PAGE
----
AmphibiaWeb - Tylototriton vietnamensis
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Tylototriton vietnamensis
Vietnamese Crocodile Newt
Subgenus: Yaotriton
family: Salamandridae
subfamily: Pleurodelinae
 
Species Description: Böhme W, Schottler T, Nguyen QT, Köhler J 2005 A new species of salamander, genus Tylototriton (Urodela: Salamandridae), from northern Vietnam. Salamandra 41:213- 220

© 2008 Henk Wallays (1 of 10)
Conservation Status (definitions)
IUCN (Red List) Status Endangered (EN)
CITES Appendix II
National Status None
Regional Status None

   

 

View distribution map in BerkeleyMapper.
View Bd and Bsal data (2 records).

bookcover Account written by Axel Hernandez, author of Crocodile Newts: The Primitive Salamandridae of Asia (Genera Echinotriton and Tylototriton), 2016 Edition Chimaira and may contain excerpts from here. More on the author and book.   

Author: Axel Hernandez

Tylototriton vietnamensis BÖHME, SCHÖTTLER, NGUYEN & KÖHLER 2005
Bac Giang crocodile newt or Vietnamese crocodile newt

Diagnosis and taxonomy

The original description of Tylototriton vietnamensis is based on a male holotype (ZFMK 80637) collected in the vicinity of Dong Vanh Village, Luc His Commune, Luc Nam District, Bac Giang Province, northeastern Vietnam (21°12’N, 106°40’E, approximately 250 - 300 m a.s.l) in June of 2003 and two adult male paratopotypes (ZFMK 82971-972) and three referred topotypic larvae (ZFMK 82973-75) collected in July of 2004 (BÖHME et al. 2005). It is a moderately large species with males that can reach 12.2 cm TL at 8.4 cm SVL. Females are smaller than males with a SVL of 7.5 cm on average (BERNARDES et al. 2011). Sexual dimorphism is poorly expressed. The species is diagnosed by having a relatively stout body, a flattened head that is broader than the body, large and elongated parotoids, dorsal skin that is covered with relatively small warts and glands, three tubercular dorsal ridges, slightly flattened and 11 - 13 moderately developed dorsolateral glandular warts, distinct dorsal and ventral tail fins, a tongue pad with no free posterior margin, a grayish tan or brownish dorsal and tan ventral color, faintly orange tan dorsolateral warts, and a yellow-orange ventral tail fin and tips of fingers and toes. Juveniles exhibit the pale brown to yellowish color of clay (BÖHME et al. 2005).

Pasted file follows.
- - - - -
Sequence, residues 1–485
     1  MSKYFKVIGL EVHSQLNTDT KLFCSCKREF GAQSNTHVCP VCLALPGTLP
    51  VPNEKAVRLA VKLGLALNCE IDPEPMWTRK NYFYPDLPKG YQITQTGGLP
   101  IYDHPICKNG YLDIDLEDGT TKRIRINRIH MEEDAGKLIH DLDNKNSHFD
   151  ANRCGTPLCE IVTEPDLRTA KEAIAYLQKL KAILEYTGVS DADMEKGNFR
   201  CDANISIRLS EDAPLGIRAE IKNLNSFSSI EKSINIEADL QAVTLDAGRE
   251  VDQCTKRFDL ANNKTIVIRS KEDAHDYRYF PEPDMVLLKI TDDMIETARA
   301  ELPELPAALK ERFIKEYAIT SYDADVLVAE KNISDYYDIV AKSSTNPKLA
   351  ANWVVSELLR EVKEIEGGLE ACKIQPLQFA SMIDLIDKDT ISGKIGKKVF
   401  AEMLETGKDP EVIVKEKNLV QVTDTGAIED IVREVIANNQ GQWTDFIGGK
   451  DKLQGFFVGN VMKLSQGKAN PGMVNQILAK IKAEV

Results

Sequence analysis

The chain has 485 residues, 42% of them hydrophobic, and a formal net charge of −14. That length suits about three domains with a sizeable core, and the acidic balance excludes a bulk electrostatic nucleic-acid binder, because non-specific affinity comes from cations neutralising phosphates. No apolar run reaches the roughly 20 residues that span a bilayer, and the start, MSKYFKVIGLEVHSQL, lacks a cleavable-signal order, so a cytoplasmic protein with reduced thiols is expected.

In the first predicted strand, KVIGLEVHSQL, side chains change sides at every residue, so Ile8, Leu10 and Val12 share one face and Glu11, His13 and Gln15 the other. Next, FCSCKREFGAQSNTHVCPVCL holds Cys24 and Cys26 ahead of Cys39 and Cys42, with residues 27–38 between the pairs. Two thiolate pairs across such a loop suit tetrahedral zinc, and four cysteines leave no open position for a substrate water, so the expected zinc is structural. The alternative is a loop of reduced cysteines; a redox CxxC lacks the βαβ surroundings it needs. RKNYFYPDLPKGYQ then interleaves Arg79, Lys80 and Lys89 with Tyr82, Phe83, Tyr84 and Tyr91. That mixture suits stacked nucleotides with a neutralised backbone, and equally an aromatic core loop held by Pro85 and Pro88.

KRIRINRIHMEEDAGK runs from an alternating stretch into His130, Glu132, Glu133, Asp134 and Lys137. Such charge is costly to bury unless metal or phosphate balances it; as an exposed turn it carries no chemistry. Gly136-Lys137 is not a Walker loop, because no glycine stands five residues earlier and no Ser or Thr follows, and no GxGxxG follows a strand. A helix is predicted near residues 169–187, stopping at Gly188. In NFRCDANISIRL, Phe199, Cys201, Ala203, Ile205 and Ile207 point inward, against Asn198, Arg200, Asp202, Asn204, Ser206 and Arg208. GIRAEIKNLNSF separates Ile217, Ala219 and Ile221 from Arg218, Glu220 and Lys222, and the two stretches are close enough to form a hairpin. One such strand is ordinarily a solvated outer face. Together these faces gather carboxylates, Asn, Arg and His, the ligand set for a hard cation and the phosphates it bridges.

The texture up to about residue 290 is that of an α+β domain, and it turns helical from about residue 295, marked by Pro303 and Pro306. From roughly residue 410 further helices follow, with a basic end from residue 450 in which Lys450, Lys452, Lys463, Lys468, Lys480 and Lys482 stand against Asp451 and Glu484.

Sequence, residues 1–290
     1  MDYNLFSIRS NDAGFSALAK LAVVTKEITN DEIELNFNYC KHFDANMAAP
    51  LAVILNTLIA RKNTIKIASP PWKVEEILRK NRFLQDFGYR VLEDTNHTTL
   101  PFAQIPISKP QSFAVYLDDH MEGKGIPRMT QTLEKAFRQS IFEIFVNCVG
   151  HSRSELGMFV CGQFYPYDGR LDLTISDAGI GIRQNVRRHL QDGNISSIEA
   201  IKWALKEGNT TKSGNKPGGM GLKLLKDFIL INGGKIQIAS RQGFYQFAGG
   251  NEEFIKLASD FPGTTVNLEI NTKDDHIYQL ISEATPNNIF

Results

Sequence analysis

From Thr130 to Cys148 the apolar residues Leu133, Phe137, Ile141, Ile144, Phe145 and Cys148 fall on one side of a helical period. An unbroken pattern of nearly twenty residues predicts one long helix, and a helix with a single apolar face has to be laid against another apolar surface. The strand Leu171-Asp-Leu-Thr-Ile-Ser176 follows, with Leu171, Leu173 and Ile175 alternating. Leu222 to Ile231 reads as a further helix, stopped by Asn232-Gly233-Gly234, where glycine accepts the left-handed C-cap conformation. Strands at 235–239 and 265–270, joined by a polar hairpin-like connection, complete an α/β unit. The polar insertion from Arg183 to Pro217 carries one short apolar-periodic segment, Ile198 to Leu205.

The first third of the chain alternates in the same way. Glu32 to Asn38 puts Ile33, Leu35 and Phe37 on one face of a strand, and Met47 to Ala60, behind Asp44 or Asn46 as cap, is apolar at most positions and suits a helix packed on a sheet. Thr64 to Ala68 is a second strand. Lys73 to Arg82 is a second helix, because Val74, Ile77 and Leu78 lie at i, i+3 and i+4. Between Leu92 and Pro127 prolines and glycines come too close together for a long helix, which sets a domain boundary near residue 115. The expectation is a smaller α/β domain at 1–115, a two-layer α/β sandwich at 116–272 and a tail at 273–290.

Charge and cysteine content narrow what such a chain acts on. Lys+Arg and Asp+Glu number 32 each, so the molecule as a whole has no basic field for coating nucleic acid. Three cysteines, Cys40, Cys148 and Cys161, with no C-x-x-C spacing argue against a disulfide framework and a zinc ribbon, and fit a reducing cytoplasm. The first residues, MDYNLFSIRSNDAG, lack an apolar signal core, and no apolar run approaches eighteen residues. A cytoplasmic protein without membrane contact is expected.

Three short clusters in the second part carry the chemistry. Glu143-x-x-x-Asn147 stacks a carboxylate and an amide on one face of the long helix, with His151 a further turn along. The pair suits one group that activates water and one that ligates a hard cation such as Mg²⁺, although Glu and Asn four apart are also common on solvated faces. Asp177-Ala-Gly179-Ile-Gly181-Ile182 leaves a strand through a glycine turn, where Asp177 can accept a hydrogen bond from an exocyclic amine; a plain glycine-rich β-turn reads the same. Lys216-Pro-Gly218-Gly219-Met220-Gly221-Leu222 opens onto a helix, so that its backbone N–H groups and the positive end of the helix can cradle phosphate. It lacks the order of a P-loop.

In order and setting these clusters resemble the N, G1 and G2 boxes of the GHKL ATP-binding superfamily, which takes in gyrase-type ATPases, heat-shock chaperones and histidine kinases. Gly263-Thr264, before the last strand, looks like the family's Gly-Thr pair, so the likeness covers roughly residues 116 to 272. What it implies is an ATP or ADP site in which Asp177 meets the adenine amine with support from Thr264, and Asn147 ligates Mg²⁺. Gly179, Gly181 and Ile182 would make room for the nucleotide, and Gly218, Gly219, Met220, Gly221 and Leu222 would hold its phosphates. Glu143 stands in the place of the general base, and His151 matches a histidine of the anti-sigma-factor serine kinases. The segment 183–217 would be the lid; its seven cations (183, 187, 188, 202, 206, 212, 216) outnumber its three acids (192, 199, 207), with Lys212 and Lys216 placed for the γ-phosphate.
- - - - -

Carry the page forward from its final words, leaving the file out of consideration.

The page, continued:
Distribution

This species is distributed in a restricted area about 20,000 km². Aside from the type locality in the vicinity of Dong Vanh Village, Luc Son Commune, Luc Nam District, Bắc Giang Province, Vietnam, at 250 - 300 m a.s.l. (21°12'N, 106°40'E), other known localities are Son Dong in Bắc Giang Province; Tay Yen Tu Mountain, Uong Bi District, Quang Ninh Province; and Loc Binh District in Lang Son Province. This species probably also occurs in the northern parts of Laos and in southern China (Guangxi Province). Species delimitation in Vietnam is very complicated: According to YUAN et al. (2011) and RAFFAËLLI (2013), this country is home to at least five major populations, but new localities have since been discovered. NISHIKAWA et al. (2013b) and LE et al. (2015) noted that five species exist in this country: T. vietnamensis, T. ziegleri, T. notialis, T. cf. asperrimus (Clade C: Hoa Binh, Lao Cai), and T. anguliceps (probably T. pulcherrimus and T. podichthys), but there are probably more.

Habitat, ethology and ecology